Opting Out of the SOLs
Cailin Yates has six children currently enrolled in Williamsburg-James City County public schools. They span the grade range—from kindergarten to high school. The busy mom, who works at a SAP (Systems, Applications and Products) systems integration firm, DataXstream, says that, for the past few years, she’s wrestled with taking her kids out of standardized testing. “I look at the option every year, and I frankly don’t know how my kids would be treated in the school system if I did it. And some of my kids need help.”
There’s a sense of obligation, she says. “Of the people that I know, nobody likes the tests, but there’s a feeling that you’re taking one for the school.” But it worries her. One of her elementary school students didn’t even attend school the week of SOL testing, except to take the tests. “There was so much stress in that building that it made her ill. I would come get her, and then bring her back to take the test.”
Today’s public school students are sick of tests, echoes Suzanne Cavalier-Dorsett. “Kids are filled with anxiety. They aren’t having childhoods while they are at school.”
Cavalier-Dorsett is a therapist by trade and the mother of two boys. Last year, the Williamsburg resident pulled her eldest out of public schools and placed him in a private academy, mainly because of what she perceives as the negative effects of the state’s Standards of Learning (SOL) program. She wanted to opt her son out of the tests at his middle school, but he begged her not to, afraid of being stigmatized.
“I can see what the SOLs are doing to parents and kids,” she says. “Anxiety, rage, obsessive-compulsive disorders are going up, teachers on anti-depressants … people don’t really have a full clue about what’s happening.”
Cavalier-Dorsett recently started “Williamsburg Opt Out,” a parents' organization—the first of its kind in Hampton Roads—that advocates against testing. With less than a dozen members so far, Williamsburg Opt Out’s goal as a neighborhood organization is similar to a growing number of other community-based groups forming across the country, emulating national organizations (like United Opt Out). “Basically it’s a way to get parents and teachers to come together and talk about issues surrounding these tests,” she says.
Her distrust started with homework. “My son brought home his notebook, and it was just stuff to memorize, really dry information,” she says. “The curriculum is now based on what’s going to appear on the SOLs, not creative learning. The way things are right now, with all of the drilling of facts, they won’t retain anything.”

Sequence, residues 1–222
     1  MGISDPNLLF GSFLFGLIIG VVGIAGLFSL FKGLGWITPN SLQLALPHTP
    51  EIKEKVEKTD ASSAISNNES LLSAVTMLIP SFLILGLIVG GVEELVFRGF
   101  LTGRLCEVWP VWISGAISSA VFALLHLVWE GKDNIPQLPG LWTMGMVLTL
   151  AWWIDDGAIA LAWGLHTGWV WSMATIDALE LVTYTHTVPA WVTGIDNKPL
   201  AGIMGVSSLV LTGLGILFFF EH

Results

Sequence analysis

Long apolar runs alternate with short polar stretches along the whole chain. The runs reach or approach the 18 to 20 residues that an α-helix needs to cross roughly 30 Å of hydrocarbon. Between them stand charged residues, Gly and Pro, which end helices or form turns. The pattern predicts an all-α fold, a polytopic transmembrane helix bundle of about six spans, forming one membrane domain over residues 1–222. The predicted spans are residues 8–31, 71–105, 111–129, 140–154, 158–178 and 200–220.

“They are practicing, practicing, practicing, and there is so much pressure,” Yates says. “Teachers are sending home notes like ‘please review this’ over and over, and the children are continually reminded that they have the big test coming, and it’s often like the coach of a big game yelling, ‘C’mon everybody, let’s go; we’ve got to win …'"
Standardized testing places a greater importance on passing the test rather than learning the subject, says Victoria Carll, a Richmond teacher who started RVA Opt Out in 2013. “Teachers become encumbered by pass rates and are more focused on teaching small facts than on overall curriculum. Students are hammered with SOL worksheets and especially get drilled toward the end of the year. The entirety of the curriculum has shifted, even down to Pre-K and Kindergarten.” It’s only natural that teachers will teach to the test, she says, because “they get evaluated based on the students performing well.”
Carll says that Cavalier-Dorsett’s Williamsburg chapter brings the number of Virginia anti-testing groups to five. There are also Opt Out organizations serving Northern Virginia and the Shenandoah Valley. “We don’t want to hurt schools. That’s not our mission,” she says. “We want the schools to back us up because we know the schools don’t enjoy the SOLs either. There’s nothing here that is enriching lives, not the parent’s, teacher’s or child’s.”
Virginia’s Standards of Learning was a response (and rejoinder) to the No Child Left Behind Act, which was signed into national law in 2002 by then-President George W. Bush, initially holding only individual schools accountable through mandatory student testing.
Seven years later, under President Barack Obama, the “Race to the Top” educational grant program was established, tying federal funds to teacher (and administrative) performance through mandatory test scores. Like many public school state programs reacting to these new federal mandates, Virginia’s SOL testing was meant to set achievement standards for basic core subjects from kindergarten to 12th grade in schools across the commonwealth. But some argue it’s just too much.
“The closer you get to the classroom, the more people think there is too much testing,” says Robert Schaeffer, co-author of Standing Up to the SAT and the public education director of FairTest, a nonprofit based in Massachusetts that bills itself as The National Center for Free and Open Testing. “Public school parents, teachers, students, school administrative—even School board members and community leaders—are a key part of the reform movement. They see the damage being done on a day-to-day basis,” he says, adding that he’s “pleased that Virginia, among other states, is stepping away from testing overkill.”
In 2014, largely due to pressure from parents and teachers, the Virginia Department of Education (DOE) reduced the number of SOL assessments from 34 to 29 per school year. “The Governor’s Committee on Education proposed fewer SOLs, especially in fourth grade, and some rotations in English and History,” Carll says.
A FAQ at the DOE website states, “The Board of Education and the advisory SOL Innovation Committee are studying further steps to reduce the burden of testing while maintaining accountability.”
While only a small number of parents in Coastal Virginia are choosing to opt their kids out of testing, the numbers are growing. There were 681 statewide tests coded as parent refusals in the 2013–14 school year. Curiously, for 2014–2015, Virginia’s Department of Education split the numbers into two categories.